exposed a flaw in the Soviet early warning
system. Petrov asserts that he was neither
rewarded nor punished for his actions.

The Wickipedia article describes what happened. The USSR relied
on satellite systems to warn the military of a missile
attack by the United States. The computer system sounded an
alert. The attack had begun.

Think of this as the most important piece of junk mail
in history.

Shortly after midnight, the bunker's computers
reported that an intercontinental ballistic
missile was heading toward the Soviet Union from
the U.S. Petrov considered the detection a
computer error, since a United States first-
strike nuclear attack would be likely to involve
hundreds of simultaneous missile launches in
order to disable any Soviet means for a
counterattack. Furthermore, the satellite
system's reliability had been questioned in the

It is the task of screeners to assess the accuracy of
junk mail, and then decide: send it up or toss it out.

Petrov dismissed the warning as a false alarm,
though accounts of the event differ as to whether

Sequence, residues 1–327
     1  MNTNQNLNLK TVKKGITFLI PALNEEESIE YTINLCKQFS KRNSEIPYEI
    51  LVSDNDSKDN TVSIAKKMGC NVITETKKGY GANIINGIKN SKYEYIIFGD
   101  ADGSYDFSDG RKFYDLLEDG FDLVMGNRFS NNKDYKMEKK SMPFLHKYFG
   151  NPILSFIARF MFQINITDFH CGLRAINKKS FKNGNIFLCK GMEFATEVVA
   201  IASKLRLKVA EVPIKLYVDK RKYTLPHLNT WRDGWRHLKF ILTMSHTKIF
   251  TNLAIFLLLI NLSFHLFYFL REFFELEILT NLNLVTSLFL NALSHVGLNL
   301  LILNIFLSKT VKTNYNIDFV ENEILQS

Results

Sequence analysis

he notified his superiors or not after he
concluded that the computer detections were false
and that no missile had been launched. Later, the
computers identified four additional missiles in
the air, all directed towards the Soviet Union.
Petrov again suspected that the computer system
was malfunctioning, despite having no other
source of information to confirm his suspicions.
The Soviet Union's land radar was incapable of
detecting missiles beyond the horizon, and
waiting for it to positively identify the threat
would limit the Soviet Union's response time to

He decided to toss it all out. You and I are alive
because he made the correct decision.

While he was investigated for not acting as ordered,
no charges were brought against him. It would have been bad
publicity. "Soviet Air Force officer sacked for not
starting World War III."

Thursday, April 7, 2011

They Know More Than We Do

(click to expand)

On NBC's Meet The Press, US Secretary of Defense explains the sophistication of our enemy in Afghanistan:

Tim Russert: The Times of London did a graphic, which I want to put on the screen for you and our viewers. This is it. This is a fortress.... It's a very sophisticated operation.

Donald Rumsfeld: Oh, you bet. This is serious business. And there's not one of those. There are many of those. And they have been used very effectively. And I might add, Afghanistan is not the only country that has gone underground. Any number of countries have gone underground.